Chemical groups containing the covalent sulfur bonds -S-. The sulfur atom can be bound to inorganic or organic moieties.
A species of gram-negative, facultatively anaerobic, rod-shaped bacteria (GRAM-NEGATIVE FACULTATIVELY ANAEROBIC RODS) commonly found in the lower part of the intestine of warm-blooded animals. It is usually nonpathogenic, but some strains are known to produce DIARRHEA and pyogenic infections. Pathogenic strains (virotypes) are classified by their specific pathogenic mechanisms such as toxins (ENTEROTOXIGENIC ESCHERICHIA COLI), etc.
Commonly observed structural components of proteins formed by simple combinations of adjacent secondary structures. A commonly observed structure may be composed of a CONSERVED SEQUENCE which can be represented by a CONSENSUS SEQUENCE.
Inorganic salts of thiosulfuric acid possessing the general formula R2S2O3.
Any detectable and heritable change in the genetic material that causes a change in the GENOTYPE and which is transmitted to daughter cells and to succeeding generations.
The parts of a macromolecule that directly participate in its specific combination with another molecule.
Inorganic oxides of sulfur.
Genetically engineered MUTAGENESIS at a specific site in the DNA molecule that introduces a base substitution, or an insertion or deletion.
The rate dynamics in chemical or physical systems.
Models used experimentally or theoretically to study molecular shape, electronic properties, or interactions; includes analogous molecules, computer-generated graphics, and mechanical structures.
Single-stranded complementary DNA synthesized from an RNA template by the action of RNA-dependent DNA polymerase. cDNA (i.e., complementary DNA, not circular DNA, not C-DNA) is used in a variety of molecular cloning experiments as well as serving as a specific hybridization probe.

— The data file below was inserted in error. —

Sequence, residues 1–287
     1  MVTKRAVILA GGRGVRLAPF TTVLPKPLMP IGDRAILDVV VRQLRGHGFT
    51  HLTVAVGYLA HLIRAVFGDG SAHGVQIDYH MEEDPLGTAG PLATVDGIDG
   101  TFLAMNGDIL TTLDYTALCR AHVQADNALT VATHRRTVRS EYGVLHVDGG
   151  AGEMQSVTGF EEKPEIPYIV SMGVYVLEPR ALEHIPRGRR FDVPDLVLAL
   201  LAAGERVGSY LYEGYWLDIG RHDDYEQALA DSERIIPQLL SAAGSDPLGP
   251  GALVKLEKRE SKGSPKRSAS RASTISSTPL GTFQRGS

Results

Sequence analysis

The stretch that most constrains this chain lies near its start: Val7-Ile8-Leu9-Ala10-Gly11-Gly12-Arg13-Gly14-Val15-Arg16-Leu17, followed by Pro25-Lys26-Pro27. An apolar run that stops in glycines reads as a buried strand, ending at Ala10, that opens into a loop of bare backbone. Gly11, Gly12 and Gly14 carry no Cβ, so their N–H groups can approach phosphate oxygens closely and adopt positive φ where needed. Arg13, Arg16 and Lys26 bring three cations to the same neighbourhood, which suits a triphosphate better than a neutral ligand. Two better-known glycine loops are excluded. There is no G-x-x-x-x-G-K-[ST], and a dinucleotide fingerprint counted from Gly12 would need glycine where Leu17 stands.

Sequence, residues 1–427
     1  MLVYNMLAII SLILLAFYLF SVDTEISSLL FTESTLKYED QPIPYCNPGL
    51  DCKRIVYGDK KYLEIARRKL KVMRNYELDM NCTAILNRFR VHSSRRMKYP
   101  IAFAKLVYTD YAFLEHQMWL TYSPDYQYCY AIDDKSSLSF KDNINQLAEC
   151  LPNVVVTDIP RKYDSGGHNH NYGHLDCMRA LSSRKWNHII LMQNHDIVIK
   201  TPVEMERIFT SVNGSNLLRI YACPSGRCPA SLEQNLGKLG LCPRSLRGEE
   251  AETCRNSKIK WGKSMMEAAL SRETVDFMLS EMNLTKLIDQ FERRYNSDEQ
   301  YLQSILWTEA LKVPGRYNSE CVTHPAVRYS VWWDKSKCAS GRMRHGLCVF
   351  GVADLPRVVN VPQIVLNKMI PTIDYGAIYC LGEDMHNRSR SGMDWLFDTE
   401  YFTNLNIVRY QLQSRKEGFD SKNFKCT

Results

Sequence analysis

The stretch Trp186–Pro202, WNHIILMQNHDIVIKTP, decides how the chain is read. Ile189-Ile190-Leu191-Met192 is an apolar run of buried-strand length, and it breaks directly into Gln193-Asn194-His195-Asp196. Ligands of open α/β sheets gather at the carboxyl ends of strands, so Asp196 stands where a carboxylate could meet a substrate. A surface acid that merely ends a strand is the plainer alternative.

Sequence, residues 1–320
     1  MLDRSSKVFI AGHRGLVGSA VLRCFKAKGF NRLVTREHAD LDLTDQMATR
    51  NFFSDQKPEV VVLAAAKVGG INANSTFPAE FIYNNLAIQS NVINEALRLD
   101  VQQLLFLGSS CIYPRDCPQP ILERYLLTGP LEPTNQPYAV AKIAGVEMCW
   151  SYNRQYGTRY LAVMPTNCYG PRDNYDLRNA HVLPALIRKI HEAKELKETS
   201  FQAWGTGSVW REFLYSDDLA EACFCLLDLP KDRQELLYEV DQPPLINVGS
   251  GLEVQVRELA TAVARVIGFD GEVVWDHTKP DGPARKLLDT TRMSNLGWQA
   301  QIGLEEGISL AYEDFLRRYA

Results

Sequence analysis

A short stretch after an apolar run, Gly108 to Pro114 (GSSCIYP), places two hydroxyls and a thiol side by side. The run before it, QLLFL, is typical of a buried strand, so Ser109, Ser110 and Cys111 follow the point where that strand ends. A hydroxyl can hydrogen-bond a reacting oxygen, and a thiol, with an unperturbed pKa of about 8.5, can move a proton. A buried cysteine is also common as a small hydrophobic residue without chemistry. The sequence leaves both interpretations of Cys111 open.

The sequential correspondence of nucleotides in one nucleic acid molecule with those of another nucleic acid molecule. Sequence homology is an indication of the genetic relatedness of different organisms and gene function.
Amino acids containing an aromatic side chain.
The characteristic 3-dimensional shape of a protein, including the secondary, supersecondary (motifs), tertiary (domains) and quaternary structure of the peptide chain. PROTEIN STRUCTURE, QUATERNARY describes the conformation assumed by multimeric proteins (aggregates of more than one polypeptide chain).
A thiol-containing non-essential amino acid that is oxidized to form CYSTINE.
Proteins found in any species of bacterium.
A sulfur-containing essential L-amino acid that is important in many body functions.
Proteins prepared by recombinant DNA technology.
Partial proteins formed by partial hydrolysis of complete proteins or generated through PROTEIN ENGINEERING techniques.
Amino acids which have a branched carbon chain.
The relationships of groups of organisms as reflected by their genetic makeup.
An essential branched-chain amino acid important for hemoglobin formation.
The relationship between the chemical structure of a compound and its biological or pharmacological activity. Compounds are often classed together because they have structural characteristics in common including shape, size, stereochemical arrangement, and distribution of functional groups.